Eye On Illinois: Campaign donations don’t vote, but can tell a story

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Yard signs don’t vote, per the old political axiom.

Campaign donations don’t vote either, but those dollar figures do give fodder to news outlets. With the third quarter starting a few days after the primary, the time is right for sizing up who has how much.

U.S. Rep. Sean Casten, D-Downers Grove, had $574,339 to start July. His Sixth District opponent, GOP Orland Mark Mayor Keith Pekau, has $53,587. In the 11th District, incumbent Rep. Bill Foster, D-Naperville, has $4.9 million, while challenger Catalina Lauf, R-Woodstock, has $25,924.

In the gubernatorial race, state Sen. Darren Bailey, R-Xenia, started the general election campaign with $363,918. Incumbent Gov. JB Pritzker is a billionaire who has spent liberally on himself and other Democratic candidates and initiatives.

Scott T. Holland is a former associate editor of The Times who continues to contribute his column plus help with editing and writing. He can be reached at scotth@mywebtimes.com, facebook.com/salmagundi or twitter.com/sth749.

Scott T. Holland is a former associate editor of The Times who continues to contribute his column plus help with editing and writing. He can be reached at scotth@mywebtimes.com, facebook.com/salmagundi or twitter.com/sth749.

When reading coverage of these figures, it’s important to look past the headline narrative. Take Pekau and Lauf, who each spent money waging primary campaigns against five opponents. After winning, it may be easier for them to fundraise, especially from state and federal level organizations.

Then there’s Bailey. Holding just in the low six figures against a self-funded incumbent might appear a detriment, but consider Bailey has raised nearly $12 million since February 2021. He handily defeated a primary field that included Aurora Mayor Richard Irvin, whose campaign bankroller was hedge fund manager Ken Griffin, one of the few people whose pockets are deeper than Pritzker’s.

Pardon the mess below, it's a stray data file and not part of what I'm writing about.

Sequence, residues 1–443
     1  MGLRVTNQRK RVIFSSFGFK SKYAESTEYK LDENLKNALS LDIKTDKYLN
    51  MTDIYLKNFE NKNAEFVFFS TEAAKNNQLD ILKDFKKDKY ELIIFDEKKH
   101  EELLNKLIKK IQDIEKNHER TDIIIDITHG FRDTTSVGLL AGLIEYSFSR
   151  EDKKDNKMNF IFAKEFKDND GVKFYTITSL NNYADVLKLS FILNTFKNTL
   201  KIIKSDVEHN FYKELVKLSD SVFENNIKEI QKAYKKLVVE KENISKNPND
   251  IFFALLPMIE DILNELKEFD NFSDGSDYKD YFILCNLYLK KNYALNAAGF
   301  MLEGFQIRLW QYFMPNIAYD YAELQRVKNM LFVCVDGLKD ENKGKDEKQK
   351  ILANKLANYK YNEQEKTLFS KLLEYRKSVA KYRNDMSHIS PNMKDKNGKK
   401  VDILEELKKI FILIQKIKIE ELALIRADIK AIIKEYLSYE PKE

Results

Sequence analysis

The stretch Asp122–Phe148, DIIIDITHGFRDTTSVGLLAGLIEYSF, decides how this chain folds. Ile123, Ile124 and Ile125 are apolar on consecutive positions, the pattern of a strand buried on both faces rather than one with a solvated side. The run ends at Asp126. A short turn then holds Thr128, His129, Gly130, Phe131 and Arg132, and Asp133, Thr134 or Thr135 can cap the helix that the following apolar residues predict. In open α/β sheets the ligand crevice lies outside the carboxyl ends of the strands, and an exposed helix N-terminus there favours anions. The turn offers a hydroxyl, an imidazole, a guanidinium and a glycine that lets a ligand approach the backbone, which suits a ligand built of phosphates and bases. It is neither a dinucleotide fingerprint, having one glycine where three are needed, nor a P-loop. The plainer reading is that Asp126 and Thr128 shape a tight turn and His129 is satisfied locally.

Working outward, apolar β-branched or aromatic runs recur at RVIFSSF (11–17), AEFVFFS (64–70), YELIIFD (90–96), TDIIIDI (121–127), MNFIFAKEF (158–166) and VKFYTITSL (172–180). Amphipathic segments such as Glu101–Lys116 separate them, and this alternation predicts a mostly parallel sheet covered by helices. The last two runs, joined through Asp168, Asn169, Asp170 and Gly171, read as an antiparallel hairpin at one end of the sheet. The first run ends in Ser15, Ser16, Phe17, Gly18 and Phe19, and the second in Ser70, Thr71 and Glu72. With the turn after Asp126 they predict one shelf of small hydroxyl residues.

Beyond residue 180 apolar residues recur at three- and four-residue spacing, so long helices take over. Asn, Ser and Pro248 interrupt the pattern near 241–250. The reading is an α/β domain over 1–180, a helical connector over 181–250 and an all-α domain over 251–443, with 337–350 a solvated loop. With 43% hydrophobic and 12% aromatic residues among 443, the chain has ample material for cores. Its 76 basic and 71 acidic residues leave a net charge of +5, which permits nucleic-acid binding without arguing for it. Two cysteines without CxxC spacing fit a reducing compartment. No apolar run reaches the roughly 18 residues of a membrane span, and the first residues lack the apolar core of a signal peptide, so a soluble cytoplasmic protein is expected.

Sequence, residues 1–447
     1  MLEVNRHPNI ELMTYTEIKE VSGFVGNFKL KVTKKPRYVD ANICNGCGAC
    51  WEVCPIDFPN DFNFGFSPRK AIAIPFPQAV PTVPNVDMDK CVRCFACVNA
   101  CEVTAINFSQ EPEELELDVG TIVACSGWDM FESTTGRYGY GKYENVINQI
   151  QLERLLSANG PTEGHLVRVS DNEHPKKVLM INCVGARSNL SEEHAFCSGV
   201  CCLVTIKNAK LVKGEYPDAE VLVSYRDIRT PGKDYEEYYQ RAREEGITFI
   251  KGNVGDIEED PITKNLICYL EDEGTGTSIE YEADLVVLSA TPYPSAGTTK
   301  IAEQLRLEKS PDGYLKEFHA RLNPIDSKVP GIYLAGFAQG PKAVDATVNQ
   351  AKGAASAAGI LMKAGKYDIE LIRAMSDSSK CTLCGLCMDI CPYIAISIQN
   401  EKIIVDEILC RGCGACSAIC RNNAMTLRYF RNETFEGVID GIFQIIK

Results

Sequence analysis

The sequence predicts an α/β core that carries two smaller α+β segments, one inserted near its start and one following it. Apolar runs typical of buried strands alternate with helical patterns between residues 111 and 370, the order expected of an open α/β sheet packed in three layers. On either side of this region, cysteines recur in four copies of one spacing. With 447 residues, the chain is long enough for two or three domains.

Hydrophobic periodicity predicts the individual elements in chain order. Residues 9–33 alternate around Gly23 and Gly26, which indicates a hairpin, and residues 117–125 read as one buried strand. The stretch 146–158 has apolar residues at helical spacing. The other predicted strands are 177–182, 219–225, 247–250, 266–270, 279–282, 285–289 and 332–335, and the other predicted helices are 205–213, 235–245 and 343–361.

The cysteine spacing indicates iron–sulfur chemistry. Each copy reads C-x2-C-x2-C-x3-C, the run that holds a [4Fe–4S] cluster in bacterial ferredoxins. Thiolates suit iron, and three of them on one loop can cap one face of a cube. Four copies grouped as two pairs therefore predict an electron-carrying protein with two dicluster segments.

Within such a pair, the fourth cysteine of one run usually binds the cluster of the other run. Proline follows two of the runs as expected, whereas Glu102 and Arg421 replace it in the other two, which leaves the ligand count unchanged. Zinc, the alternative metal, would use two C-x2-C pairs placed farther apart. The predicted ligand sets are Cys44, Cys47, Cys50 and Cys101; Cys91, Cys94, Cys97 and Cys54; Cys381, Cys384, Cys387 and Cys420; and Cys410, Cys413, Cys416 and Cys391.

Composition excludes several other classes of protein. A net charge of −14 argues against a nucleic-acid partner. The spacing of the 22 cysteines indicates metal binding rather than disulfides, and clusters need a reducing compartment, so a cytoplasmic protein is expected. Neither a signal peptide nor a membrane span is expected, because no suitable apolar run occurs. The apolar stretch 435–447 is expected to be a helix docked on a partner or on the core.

If Bailey could turn $12 million into almost 58% of the vote while Griffin and Irvin spent more than $50 million to finish third with 15%, it’s reasonable to think he’s in as good a position as anyone to mount a November offensive against Pritzker.

Big picture totals are less interesting than digging into filing reports to uncover sources of donations as well as a picture of itemized expenditures. (For federal races, visit fec.gov, for state races, start at elections.illinois.gov or use illinoissunshineo.org.)

For example, Pekau reported only one donation in the last period that wasn’t from an individual: $5,000 from the National Republican Congressional Committee. Bailey spent $8,223 for a room and food at Donald Trump’s Chicago hotel in August, 2021, and June, the latter right before the former president endorsed Bailey. Foster’s campaign committee reported an investment loss of $89,949.

The individual facts don’t tell a complete story either, but digging through the details paints a picture about a campaign and candidate: from whom they’ll take money, spending priorities, business savvy and so on. This is especially useful for “actions speak louder than words” voters, and one of the few insights available for candidates without a voting record.

Ultimately only vote totals decide who serves, but donations tell an important story about how those servants and their opponents operate.

Scott T. Holland writes about state government issues for Shaw Media. Follow him on Twitter @sth749. He can be reached at sholland@shawmedia.com.

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July 27, 2022 at 05:09AM

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